Chief medical officer urges swine flu virus calm
The NI chief medical officer has sought to reassure parents of healthy children that there is no need for alarm over the swine flu outbreak.
Dr Michael McBride was speaking after two children, who had been suffering from the H1N1 virus, died.
The death of a 10-month-old baby boy, who had an underlying health condition, was announced just hours after it was revealed a two-year-old boy had died.
It is not known if the two-year-old had any other health issues.
Nineteen people have now died in NI after suffering from the virus.
Two of those have now been confirmed to have had no other health problems.
Vaccines against the virus are currently only available to people in certain at risk groups.
Dr McBride passed on his sympathies to the families of those who died.
However he stressed that under fives in NI were not at any greater risk than other age groups.
"We continue to offer vaccinations to any child under five in an at risk group as advised by the joint committee.
"The question has been posed if we should extend to healthy under-5s.
"I know the JCVI is keeping this under close and active review and we will continue to be guided by their expert advice."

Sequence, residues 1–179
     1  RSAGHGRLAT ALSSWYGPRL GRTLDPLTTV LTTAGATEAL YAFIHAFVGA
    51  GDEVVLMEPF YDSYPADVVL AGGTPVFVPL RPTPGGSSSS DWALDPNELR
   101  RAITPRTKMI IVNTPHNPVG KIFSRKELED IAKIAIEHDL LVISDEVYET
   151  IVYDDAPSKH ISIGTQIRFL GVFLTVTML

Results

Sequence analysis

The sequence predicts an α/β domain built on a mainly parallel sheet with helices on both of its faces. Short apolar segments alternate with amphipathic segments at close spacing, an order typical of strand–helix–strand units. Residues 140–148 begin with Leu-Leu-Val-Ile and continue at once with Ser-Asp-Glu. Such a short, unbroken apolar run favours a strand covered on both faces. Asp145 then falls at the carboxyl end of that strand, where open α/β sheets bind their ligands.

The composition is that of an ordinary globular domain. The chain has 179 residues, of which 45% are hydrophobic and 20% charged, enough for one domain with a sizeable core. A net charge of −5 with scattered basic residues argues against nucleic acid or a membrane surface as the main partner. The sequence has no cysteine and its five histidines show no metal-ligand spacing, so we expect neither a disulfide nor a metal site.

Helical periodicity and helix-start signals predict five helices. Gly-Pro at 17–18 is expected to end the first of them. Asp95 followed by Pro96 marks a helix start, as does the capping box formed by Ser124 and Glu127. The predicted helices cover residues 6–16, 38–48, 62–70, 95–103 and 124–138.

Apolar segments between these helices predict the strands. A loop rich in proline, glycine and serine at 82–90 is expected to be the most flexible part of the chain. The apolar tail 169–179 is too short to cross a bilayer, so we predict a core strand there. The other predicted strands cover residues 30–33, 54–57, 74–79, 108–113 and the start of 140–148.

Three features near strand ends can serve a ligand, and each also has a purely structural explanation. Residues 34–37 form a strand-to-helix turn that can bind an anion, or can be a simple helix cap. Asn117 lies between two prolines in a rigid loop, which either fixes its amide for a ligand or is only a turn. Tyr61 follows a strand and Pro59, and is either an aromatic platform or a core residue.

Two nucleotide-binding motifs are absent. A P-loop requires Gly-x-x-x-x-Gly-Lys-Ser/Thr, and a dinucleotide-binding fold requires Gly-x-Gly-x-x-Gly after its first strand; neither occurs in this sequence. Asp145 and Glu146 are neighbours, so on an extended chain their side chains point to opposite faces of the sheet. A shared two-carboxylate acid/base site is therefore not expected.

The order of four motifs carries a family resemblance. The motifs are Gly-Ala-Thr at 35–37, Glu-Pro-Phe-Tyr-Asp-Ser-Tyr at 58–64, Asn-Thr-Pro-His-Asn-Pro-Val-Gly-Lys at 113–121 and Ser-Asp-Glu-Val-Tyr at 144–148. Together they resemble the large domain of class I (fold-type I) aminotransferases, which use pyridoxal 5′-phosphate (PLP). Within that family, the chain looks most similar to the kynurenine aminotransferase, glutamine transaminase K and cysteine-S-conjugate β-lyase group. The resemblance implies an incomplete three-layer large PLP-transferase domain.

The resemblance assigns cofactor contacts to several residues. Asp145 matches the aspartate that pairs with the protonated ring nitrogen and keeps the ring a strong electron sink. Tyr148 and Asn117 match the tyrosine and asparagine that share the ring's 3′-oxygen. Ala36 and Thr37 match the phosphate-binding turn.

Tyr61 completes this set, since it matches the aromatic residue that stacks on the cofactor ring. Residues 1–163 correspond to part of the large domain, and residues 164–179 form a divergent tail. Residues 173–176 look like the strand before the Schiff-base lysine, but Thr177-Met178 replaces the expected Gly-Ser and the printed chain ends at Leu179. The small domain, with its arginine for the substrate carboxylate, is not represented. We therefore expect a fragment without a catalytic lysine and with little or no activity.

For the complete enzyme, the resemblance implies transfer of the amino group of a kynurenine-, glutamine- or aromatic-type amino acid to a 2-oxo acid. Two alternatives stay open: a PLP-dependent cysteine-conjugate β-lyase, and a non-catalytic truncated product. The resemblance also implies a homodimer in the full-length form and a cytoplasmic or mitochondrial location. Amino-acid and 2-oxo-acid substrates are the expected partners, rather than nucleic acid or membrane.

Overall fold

Dr McBride said there was no evidence that NI has a disproportionately higher number of deaths from swine flu compared with the rest of the UK.
He said the fact that NI has five hospitals reporting to a central laboratory could mean that the reporting of deaths was happening in a more timely manner than elsewhere.Public anxiety
The health minister, Michael McGimpsey, said he understood the news might heighten public anxiety particularly among parents of young children.
He added: "I have recently spoken to other UK health ministers about Northern Ireland's current flu picture. I have also spoken to Mary Harney, the Republic of Ireland's health minister.
"In addition, I have consulted with the Joint Committee on Vaccination and Immunisation (JCVI) about the particular circumstances here.
"They do not recommend extending the vaccination programme beyond the current at risk groups."
During the pandemic last year, 19 people died from the H1N1 virus, all but one of whom had an underlying condition.
The authorities were unable to establish whether the other victim, a pregnant woman, had an unknown underlying health problem which may have contributed to her death.